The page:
28 June 2018

Are general allegations about bullying and harassment whistleblowing? Not always.

4:21pm

In Kilraine v London Borough of Wandsworth, the Court of Appeal agreed with the Employment Tribunal that an employee did not make protected disclosures when she complained to her employer about bullying, harassment, inappropriate behaviour and lack of managerial support over a safeguarding issue.  The Court said that to consider whether a disclosure is protected, tribunals do not need to look to whether it is information or an allegation – the legislation does not provide for this dichotomy and these are not always mutually exclusive – an allegation could be a disclosure as well.  Instead, it should consider whether the disclosure has sufficient factual content and specificity such as is capable of tending to show one of the six relevant failures in s.43 of the Employment Rights Act 1996, including a criminal offence, non-compliance with a legal obligation and/or health and safety issues.

Here, the Claimant, an education achievement project manager contended that the Council had failed in its legal obligations towards her in respect of bullying and harassment and that there had been “numerous incidents of inappropriate behaviour towards” her, as well as contending that the lack of support she had received from her manager was a safeguarding issue.   She argued that because of her whistleblowing she had been subjected to detriments and then dismissal.  The Court held that the Claimant had not disclosed information which tended to show a breach of any of the six relevant failures, and that just because the Council were unsupportive in responding to a safeguarding issue, this was not indicative of a failure either.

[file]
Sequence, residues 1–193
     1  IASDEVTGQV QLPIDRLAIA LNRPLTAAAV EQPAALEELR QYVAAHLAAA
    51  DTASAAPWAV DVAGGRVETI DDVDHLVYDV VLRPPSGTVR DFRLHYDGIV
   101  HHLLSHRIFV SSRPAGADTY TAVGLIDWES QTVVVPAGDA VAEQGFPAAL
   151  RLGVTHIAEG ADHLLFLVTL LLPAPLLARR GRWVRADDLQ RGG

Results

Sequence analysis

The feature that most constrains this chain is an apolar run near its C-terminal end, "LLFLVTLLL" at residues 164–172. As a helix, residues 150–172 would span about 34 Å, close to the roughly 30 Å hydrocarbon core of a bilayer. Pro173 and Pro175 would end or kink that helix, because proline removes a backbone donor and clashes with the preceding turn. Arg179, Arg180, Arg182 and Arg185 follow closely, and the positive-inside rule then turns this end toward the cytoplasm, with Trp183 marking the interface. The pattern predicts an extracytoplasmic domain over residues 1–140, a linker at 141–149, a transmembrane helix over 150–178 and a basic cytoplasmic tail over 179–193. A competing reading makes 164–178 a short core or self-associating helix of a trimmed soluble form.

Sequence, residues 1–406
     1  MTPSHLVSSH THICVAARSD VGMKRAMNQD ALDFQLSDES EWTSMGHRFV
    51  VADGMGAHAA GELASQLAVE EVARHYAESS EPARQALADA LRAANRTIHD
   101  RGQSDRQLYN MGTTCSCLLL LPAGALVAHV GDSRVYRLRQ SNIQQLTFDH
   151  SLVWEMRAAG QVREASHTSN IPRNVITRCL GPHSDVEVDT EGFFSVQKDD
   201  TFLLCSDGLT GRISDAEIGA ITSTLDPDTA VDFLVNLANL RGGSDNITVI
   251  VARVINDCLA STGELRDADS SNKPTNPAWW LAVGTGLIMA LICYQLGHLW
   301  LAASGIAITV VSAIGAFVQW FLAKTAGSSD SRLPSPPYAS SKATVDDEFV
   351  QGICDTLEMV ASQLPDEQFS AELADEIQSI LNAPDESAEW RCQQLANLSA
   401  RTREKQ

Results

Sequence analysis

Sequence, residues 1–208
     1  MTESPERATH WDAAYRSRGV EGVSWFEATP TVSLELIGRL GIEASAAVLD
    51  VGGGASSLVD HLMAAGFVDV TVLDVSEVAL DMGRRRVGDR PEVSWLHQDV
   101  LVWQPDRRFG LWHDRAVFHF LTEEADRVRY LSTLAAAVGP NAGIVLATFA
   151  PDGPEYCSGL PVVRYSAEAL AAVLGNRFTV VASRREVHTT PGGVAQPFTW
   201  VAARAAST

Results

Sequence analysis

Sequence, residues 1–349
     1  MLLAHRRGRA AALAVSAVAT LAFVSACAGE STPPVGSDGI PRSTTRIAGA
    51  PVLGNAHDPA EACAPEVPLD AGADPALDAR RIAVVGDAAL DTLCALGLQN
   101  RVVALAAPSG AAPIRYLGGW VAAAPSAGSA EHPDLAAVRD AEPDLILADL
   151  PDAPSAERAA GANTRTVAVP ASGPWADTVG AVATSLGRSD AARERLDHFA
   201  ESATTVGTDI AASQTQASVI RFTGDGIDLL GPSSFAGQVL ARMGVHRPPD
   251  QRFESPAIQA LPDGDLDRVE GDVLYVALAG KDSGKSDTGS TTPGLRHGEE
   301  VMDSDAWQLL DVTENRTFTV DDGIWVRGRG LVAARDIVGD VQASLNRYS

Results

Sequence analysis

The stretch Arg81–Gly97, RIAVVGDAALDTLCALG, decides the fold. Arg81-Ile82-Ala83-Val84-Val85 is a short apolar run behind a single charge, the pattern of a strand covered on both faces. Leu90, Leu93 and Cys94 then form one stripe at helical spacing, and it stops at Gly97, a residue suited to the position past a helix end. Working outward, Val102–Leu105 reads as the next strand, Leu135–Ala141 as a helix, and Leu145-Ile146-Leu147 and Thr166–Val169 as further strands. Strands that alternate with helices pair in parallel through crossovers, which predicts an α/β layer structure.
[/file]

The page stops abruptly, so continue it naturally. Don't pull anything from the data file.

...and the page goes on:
Upon reviewing this decision, if a worker is subject to discrimination, they may be better raising such complaints in the Employment Tribunal as victimisation, asserting that they have been retaliated against because they complained of discriminatory bullying and harassment and unsafe work practices.  In standalone whistleblowing claims, a disclosure must have sufficient specificity of the employer’s wrongdoing in order to qualify for protection and thus to succeed.

http://www.bailii.org/ew/cases/EWCA/Civ/2018/1436.html

Written by Anita Vadgama


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